Study Guide

Physics Basics - Energy and Momentum

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Energy and Momentum

Police chases make excellent reality TV—it’s all the excitement—but sooner or later things end up in a mess of bent metal and smoke. Fact: The more energy and momentum a car has, the worse the end result is likely to be.

Energy is one of those concepts that’s hard to explain, but we know it when we see it. The proper definition of energy is usually the “ability to do work.” Energy has many forms: kinetic (movement) energy, light energy, sound energy, heat energy, and potential energy. While energy is never created or destroyed, energy can change types. When a ball rolls down a hill, gravitational potential energy changes into kinetic energy, and when the car chase ends in tears, most of that kinetic energy changes into heat in the screeching breaks and smashed bodywork.

Anyone who’s seen a car rear-ended, or been tackled by a football player, knows all about momentum. Momentum is about movement and mass. The faster we move, the more momentum we’ll have, and the larger we are, the more momentum we’ll have. So make avoiding all gigantic football players’ tackles a priority.

Like energy, momentum is never created nor destroyed. That might seem like it can’t be possible: after all, what happens if we run into a brick wall (other than a broken nose and a black eye)? We stop. It’s like all our momentum vanishes. The problem is that we’re not seeing the bigger picture – like, the whole planet big. Our momentum doesn’t really vanish. Instead, the Earth itself gains that momentum.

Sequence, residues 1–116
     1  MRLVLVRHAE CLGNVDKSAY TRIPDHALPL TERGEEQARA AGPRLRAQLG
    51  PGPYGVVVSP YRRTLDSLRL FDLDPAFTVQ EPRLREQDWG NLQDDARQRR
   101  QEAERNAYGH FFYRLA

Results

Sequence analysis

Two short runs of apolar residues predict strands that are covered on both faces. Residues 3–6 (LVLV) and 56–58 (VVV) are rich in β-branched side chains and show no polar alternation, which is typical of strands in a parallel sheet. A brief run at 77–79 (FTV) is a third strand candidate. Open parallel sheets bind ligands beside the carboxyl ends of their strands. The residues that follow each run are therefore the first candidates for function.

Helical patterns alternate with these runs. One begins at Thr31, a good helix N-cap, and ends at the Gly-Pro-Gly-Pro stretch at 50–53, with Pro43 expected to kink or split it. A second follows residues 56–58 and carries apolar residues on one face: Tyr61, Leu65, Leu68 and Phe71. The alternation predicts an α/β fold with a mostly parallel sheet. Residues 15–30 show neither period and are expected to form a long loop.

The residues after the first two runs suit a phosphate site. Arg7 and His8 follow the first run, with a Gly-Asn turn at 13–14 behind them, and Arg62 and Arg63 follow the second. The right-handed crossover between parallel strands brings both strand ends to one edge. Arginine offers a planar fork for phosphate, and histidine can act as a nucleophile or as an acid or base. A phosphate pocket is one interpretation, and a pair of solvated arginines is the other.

Collisions and car crashes can be elastic or inelastic. Or put more simply, they can be bouncy or sticky. If we bounce a ball on the ground, that’s pretty elastic. But if two cars smash into each other, becoming attached at the hip as they fly into the intersection, that’s pretty inelastic. In inelastic collisions, kinetic energy is lost and gets turned into heat energy. In elastic collisions, no kinetic energy is lost.

Energy and momentum also helps us become Captain Safety. Once we know how car crashes work, we can see how safety features of cars use the laws of physics to keep us from getting hurt. Air bags, seat belts, crumple zones and collapsible steering wheels all increase the time of impact, to reduce the force on our bodies. That way, we can live long enough to learn even more physics!

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